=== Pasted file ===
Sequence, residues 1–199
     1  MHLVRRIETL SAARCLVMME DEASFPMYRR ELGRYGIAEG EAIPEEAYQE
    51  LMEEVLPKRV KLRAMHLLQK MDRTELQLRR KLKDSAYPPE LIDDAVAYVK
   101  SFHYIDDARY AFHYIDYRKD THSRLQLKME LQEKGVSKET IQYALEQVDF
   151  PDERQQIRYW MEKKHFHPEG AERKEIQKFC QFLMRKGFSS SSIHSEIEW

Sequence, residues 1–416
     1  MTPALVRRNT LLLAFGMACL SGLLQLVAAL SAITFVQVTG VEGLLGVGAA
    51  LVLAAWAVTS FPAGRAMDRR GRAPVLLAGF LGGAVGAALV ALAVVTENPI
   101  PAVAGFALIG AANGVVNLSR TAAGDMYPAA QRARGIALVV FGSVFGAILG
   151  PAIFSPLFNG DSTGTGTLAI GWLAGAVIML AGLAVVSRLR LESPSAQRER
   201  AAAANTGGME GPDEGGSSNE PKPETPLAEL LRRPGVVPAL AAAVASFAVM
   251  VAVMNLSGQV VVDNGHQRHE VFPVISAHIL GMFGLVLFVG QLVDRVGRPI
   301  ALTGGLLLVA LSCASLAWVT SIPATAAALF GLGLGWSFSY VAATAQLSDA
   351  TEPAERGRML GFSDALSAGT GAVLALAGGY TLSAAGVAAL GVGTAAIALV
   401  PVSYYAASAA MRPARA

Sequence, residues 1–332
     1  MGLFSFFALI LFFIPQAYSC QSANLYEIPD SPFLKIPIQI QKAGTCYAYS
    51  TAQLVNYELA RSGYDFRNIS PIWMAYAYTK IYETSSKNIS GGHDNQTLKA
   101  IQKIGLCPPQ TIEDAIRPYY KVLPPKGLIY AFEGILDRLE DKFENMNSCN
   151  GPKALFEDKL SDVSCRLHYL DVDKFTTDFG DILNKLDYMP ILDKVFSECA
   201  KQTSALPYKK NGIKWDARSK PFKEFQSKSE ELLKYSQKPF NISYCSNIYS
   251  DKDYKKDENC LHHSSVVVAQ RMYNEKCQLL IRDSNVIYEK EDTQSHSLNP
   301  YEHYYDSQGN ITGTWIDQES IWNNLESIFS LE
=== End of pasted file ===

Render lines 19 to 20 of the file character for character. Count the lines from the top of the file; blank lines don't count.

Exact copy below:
   101  IQKIGLCPPQ TIEDAIRPYY KVLPPKGLIY AFEGILDRLE DKFENMNSCN
   151  GPKALFEDKL SDVSCRLHYL DVDKFTTDFG DILNKLDYMP ILDKVFSECA